Peter never lets anyone forget, nor should we, that there is much bad news to go along with the best Good News ever. Unless they, and we, and others realize the depth of our sins and our extreme need to be saved from the wrath of God, we will never properly appreciate the need for, and the gift of, forgiveness and life that has been lavished upon us.

A denial of dirt doubts the need for soap.
“If we say that we have no sin, we deceive ourselves, and the truth is not in us.
If we confess our sins, He is faithful and just to forgive us our sins
and to cleanse of from all unrighteousness.
If we say that we have not sinned, we make Him a liar,
and His word is not in us” (I Jn. 1.8-10).

When the need for a Savior is proclaimed, all eyes are on Him. And He never fails (1 Cor. 13.8).
“But God demonstrates His own love toward us, in that while we were still sinners, Christ died for us. Much more then, having now been justified by His blood, we shall be saved from wrath through Him” (Rom. 5.8, 9).

And that is a very big deal!

For reflection
1. What is the “bad news” people need to know about themselves?

2. How does Jesus deal with this “bad news”?

3. What will “being Jesus” in your world require of you today?
Peter pointed to the healing of the beggar as a sign of the glorification of Christ. The people had handed Jesus over to Pilate to be crucified. Yet God had raised the crucified Jesus from the dead. It was in the name of this very same Jesus that the crippled man was healed. Earl Radmacher (1931-2014), NKJV Study Bible Note on Acts 3.13-16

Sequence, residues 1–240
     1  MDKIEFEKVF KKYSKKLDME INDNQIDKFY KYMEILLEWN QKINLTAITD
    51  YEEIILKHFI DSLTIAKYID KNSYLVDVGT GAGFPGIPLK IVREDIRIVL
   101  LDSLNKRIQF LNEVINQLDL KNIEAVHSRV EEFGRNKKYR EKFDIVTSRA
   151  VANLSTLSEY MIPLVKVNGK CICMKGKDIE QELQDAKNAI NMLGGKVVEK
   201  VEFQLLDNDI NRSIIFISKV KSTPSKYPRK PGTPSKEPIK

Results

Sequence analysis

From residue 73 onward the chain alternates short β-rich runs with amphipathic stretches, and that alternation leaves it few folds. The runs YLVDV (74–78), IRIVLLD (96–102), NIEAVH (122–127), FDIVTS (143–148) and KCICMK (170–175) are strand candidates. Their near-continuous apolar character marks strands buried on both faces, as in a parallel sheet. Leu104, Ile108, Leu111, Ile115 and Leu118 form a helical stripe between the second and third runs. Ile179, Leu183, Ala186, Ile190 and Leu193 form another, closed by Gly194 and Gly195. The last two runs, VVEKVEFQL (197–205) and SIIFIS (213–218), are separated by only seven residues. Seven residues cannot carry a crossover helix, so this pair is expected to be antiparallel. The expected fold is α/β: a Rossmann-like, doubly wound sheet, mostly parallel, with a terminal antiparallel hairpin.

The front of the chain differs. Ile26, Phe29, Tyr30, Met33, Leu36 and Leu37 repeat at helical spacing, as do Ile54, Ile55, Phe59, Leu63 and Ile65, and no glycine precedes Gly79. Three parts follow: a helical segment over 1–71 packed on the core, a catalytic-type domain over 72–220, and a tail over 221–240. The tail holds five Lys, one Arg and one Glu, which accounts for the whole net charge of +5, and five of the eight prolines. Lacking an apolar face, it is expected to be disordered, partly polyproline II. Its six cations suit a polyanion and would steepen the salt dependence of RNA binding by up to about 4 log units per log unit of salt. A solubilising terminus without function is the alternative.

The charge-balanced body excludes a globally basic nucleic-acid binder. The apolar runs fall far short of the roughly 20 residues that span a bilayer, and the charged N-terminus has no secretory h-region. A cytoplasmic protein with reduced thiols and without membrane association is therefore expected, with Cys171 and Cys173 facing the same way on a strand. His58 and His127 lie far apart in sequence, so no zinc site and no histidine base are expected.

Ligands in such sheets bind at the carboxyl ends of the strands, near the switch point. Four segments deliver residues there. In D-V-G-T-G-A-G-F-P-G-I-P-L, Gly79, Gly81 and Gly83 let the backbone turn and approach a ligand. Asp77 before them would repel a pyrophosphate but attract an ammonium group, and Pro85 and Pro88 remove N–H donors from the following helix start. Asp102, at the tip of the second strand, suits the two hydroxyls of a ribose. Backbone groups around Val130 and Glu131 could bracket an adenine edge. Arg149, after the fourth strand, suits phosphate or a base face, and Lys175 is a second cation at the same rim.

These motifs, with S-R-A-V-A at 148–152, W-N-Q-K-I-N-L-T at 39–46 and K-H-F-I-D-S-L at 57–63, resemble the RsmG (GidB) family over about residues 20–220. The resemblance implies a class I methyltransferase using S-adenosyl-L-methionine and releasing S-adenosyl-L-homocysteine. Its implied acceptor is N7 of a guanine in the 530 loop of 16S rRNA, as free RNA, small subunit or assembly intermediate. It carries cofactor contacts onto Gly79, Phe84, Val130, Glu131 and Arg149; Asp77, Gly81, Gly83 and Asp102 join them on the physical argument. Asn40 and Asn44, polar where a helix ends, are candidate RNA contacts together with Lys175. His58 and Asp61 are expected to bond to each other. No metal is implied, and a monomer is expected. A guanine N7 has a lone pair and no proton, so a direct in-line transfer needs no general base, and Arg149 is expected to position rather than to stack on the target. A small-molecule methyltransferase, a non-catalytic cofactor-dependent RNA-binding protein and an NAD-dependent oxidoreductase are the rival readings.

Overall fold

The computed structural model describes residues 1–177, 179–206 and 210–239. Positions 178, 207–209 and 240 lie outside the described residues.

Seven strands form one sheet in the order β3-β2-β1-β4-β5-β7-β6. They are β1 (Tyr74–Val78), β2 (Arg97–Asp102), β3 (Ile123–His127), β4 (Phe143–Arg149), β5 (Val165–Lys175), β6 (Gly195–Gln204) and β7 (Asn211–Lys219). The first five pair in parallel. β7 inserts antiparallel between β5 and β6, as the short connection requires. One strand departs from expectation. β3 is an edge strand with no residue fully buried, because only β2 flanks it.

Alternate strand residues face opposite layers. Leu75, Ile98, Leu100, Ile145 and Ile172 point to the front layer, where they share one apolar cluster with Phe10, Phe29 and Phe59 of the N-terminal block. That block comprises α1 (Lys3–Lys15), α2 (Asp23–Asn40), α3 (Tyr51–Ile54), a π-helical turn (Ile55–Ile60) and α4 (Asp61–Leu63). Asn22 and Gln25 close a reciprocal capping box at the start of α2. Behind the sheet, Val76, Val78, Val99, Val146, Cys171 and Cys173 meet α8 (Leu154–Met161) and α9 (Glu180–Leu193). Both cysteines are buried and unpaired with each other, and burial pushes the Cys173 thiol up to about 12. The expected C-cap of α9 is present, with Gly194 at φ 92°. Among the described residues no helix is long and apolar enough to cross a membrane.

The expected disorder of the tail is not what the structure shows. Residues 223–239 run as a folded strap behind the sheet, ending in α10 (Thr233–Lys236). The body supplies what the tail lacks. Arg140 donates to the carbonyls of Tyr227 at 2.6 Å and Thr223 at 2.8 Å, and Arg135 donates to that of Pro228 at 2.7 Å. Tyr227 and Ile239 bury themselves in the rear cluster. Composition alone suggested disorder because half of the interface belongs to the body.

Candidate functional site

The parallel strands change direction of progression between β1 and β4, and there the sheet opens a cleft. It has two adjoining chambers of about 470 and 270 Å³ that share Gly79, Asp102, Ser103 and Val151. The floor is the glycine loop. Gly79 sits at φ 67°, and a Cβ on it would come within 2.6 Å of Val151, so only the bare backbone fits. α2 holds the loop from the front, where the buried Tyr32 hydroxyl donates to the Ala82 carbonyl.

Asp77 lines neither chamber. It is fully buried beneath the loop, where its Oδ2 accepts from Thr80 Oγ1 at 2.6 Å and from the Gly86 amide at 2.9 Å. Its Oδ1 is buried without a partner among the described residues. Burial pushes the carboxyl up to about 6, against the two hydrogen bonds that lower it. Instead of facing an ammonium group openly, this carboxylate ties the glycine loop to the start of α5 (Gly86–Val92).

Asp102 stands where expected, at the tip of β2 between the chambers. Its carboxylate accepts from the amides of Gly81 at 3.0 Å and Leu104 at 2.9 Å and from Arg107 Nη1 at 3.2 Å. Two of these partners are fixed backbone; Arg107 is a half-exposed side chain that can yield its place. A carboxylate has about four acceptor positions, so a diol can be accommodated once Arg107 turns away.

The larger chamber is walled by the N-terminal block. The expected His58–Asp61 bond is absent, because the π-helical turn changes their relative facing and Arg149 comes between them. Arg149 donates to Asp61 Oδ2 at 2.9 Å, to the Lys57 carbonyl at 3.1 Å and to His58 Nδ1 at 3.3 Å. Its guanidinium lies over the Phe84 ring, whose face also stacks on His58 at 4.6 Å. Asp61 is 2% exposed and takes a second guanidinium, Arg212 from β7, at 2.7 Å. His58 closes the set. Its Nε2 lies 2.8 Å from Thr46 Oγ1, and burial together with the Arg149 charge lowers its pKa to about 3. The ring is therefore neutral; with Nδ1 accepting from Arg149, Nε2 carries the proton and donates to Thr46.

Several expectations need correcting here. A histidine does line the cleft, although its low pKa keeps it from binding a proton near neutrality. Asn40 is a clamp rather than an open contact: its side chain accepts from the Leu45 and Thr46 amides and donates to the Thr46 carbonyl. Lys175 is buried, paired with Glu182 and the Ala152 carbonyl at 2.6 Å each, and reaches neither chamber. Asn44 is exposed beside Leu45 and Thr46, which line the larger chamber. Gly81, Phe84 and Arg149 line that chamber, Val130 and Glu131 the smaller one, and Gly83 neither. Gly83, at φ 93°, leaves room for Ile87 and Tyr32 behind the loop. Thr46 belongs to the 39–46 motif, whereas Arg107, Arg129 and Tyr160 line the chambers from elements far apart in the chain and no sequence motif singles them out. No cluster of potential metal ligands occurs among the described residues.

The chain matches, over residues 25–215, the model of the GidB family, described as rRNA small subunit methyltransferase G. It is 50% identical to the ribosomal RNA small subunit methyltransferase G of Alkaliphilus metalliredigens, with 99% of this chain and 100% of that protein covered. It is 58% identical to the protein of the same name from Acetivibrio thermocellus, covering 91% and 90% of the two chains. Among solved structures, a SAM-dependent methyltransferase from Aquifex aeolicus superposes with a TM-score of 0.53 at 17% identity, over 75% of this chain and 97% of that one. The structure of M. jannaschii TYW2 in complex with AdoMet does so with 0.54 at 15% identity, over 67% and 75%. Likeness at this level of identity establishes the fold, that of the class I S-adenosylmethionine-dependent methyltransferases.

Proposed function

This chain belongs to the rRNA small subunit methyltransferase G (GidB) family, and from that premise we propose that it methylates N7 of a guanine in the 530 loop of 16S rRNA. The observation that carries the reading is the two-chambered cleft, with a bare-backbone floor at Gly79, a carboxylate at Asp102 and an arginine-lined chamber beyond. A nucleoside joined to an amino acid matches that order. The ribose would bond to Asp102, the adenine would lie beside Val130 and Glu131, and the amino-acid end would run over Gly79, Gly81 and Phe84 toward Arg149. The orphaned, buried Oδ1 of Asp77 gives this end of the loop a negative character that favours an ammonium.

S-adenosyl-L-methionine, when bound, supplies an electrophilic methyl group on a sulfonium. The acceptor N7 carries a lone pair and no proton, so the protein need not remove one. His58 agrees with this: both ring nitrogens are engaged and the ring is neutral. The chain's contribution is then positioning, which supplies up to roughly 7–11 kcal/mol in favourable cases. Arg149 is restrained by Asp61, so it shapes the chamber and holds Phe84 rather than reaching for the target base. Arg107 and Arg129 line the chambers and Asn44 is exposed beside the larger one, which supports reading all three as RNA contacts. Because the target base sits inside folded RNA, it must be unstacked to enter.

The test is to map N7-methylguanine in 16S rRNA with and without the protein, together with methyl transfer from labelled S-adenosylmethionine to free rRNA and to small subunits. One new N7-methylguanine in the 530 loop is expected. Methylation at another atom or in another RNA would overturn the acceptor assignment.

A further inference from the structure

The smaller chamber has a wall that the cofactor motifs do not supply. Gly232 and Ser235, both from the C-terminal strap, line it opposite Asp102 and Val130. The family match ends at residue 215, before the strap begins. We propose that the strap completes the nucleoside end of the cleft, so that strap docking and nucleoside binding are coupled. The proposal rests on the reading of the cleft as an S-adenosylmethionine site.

Pray Psalm 145.13-21.

Thank God that His Kingdom has come and is coming more and more every day. Ask Him to lead you today as a Kingdom ambassador for righteousness, peace, and joy in the Holy Spirit (Rom. 14.17, 18).

Sing Psalm 145.13-21.
(Brother James’ Air: The Lord’s My Shepherd, I’ll Not Want)
Your Kingdom evermore shall be; You reign forever, Lord!
Your works You do so faithfully, according to Your Word.
The falling You uphold and the oppressed You rescue, Lord!

The eyes of all look up to You to meet our needs each day.
Open Your hand, provide the food we need, O Lord, we pray!
Kindness and righteousness You do, O Lord, in every way!

Be near to all who call on You; all those who fear You, bless.
Preserve all those whose love is true; save us in our distress.
Our mouths will speak with praise of You; Your holy Name we bless!

T. M. and Susie Moore

You can listen to a summary of last week’s Scriptorium study by going to our website,, and clicking theScriptorium tab for last Sunday. For more about what Jesus is doing at the right hand of God, order a free copy of our book, What in Heaven Is Jesus Doing on Earth? (click here).

You can download any or all of the studies in this series on Acts by clicking here.

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Except as indicated, all Scriptures are taken from the New King James Version. © Copyright 1982 by Thomas Nelson, Inc. Used by permission. All rights reserved. For sources of all quotations, see the weekly PDF of this study. All psalms for singing are from The Ailbe Psalter (Williston: Waxed Tablet Publications, 2006), available by clicking here.

T.M. Moore

T. M. Moore is principal of The Fellowship of Ailbe, a spiritual fellowship in the Celtic Christian tradition. He and his wife, Susie, make their home in the Champlain Valley of Vermont.
Books by T. M. Moore